John McCain has been getting hammered by the media in recent days. Today, Jake Tapper on Political Punch called out McCain for saying today that “He Warned of this Crisis,” although in 2007 he said “He Didn’t See This Crisis Coming.”
An editorial in the NY Times also slammed McCain for claiming on Monday “as he had countless times before — that the economy was fundamentally sound.”
Had he missed the collapse of Lehman Brothers or the sale of Merrill Lynch, which were announced the day before? Did he not notice the agonies of the American International Group? Was he unaware of the impending layoffs of tens of thousands of Wall Street employees on top of the growing numbers of unemployed workers throughout the United States?
On Tuesday, he clarified his remarks. The clarification was far more worrisome than his initial comments.
He said that by calling the economy fundamentally sound, what he really meant was that American workers are the best in the world. In the best Karl Rovian fashion, he implied that if you dispute his statement about the economy’s firm foundation, you are, in effect, insulting American workers. “I believe in American workers, and someone who disagrees with that — it’s fine,” he told NBC’s Matt Lauer.
Let’s get a few things straight. First, no one who is currently running for president does not “believe in American workers.”
More to the point, the economy is stressed to the breaking point by fundamental problems — in housing, finance, credit, employment, health care and the federal budget — that have been at best neglected, at worst exacerbated during the Bush years. And as a result, American workers have taken a beating.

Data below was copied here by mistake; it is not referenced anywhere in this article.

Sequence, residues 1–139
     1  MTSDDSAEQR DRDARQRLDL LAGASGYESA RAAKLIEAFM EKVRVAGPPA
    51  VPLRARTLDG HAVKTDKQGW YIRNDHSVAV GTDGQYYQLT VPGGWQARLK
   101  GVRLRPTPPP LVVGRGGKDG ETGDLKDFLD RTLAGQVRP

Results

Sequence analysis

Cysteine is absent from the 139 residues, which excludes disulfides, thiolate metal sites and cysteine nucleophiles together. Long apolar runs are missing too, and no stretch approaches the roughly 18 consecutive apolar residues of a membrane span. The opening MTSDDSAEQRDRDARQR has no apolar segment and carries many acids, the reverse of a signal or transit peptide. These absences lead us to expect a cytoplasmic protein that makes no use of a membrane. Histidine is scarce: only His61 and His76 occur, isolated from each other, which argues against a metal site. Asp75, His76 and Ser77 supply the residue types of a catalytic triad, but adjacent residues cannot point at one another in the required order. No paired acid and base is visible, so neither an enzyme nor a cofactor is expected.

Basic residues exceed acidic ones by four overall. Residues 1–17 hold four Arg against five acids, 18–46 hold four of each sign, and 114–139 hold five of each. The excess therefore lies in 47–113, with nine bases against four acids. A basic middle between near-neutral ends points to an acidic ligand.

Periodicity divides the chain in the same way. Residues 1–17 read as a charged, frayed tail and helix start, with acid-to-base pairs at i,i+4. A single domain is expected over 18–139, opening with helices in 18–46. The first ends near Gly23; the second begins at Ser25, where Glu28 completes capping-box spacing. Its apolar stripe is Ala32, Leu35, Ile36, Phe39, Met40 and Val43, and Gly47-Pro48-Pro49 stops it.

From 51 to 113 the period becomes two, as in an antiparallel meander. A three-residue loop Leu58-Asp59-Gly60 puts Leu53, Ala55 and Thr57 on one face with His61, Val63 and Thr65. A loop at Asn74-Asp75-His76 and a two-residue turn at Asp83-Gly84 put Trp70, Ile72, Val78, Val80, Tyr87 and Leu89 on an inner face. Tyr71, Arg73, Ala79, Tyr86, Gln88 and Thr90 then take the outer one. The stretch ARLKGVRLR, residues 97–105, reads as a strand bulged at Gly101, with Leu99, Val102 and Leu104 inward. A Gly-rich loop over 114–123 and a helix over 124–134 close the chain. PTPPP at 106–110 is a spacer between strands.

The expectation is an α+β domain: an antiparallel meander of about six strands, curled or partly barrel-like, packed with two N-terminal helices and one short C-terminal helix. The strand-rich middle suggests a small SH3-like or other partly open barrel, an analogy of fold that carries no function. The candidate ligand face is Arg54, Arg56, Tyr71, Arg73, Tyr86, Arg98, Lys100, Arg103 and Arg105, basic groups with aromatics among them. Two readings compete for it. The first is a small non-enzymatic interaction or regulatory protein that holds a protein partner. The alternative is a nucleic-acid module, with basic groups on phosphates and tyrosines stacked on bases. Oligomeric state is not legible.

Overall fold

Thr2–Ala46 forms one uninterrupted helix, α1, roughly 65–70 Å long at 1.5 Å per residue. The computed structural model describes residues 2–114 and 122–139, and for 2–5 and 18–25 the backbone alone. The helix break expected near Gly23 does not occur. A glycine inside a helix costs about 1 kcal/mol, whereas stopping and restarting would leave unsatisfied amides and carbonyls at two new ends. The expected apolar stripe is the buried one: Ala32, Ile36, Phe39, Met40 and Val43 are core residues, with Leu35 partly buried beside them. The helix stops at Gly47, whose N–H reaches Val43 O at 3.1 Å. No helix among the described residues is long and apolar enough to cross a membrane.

In clarifying his comments, Mr. McCain lavished praise on workers, but ignored their problems. That is the real insult.
American workers have taken a beating under the Bush administration. They simply cannot afford more of the same with 4 – 8 years of a McCain administration. I don’t know anyone who isn’t suffering in this economy, save perhaps an “Insanely Wealthy, Titled Aristocrat” who drank the McSame delusional koolaid.
The answer to that qestion is a resounding “NO”.
Gawker reported earlier today that Sarah Palin’s private Yahoo email account was hacked and screenshots were exposed of Palin’s account.
The internet griefers known as Anonymous took credit for the intrusion, and screenshots of e-mail messages and photos belonging to the Alaska governor have been published by WikiLeaks. Threat Level has confirmed the authenticity of at least one of the e-mails.
Another screenshot shows Palin’s inbox and a third shows the text of an e-mail from Amy McCorkell, whom Palin appointed to the Governor’s Advisory Board on Alcoholism and Drug Abuse in 2007.
The e-mail, a message of support to Palin, tells her not to let negative press get to her and asks Palin to pray for McCorkell, who writes that “I need strength to 1. keep employment, 2. not have to choose.”
The Republican Party hasn’t responded to a call for comment, but McCorkell, reached at her office, confirmed that she did send the e-mail to Palin.
Gov. Sarah Palin has recently “come under fire for using private e-mail accounts to conduct state business.” Her critics have alleged that Palin is using her Yahoo account to “get around public records laws, as the Bush administration has also been charged with doing.”
I hate sound like a broken record… But, honestly all I see from McCain-Palin is a whole lot of “more of the same.” I’m done with all of the lies and the double talk. Aren’t you?
This is the kind of change I am looking for come November:
[Originally published at TaylorMarsh.com]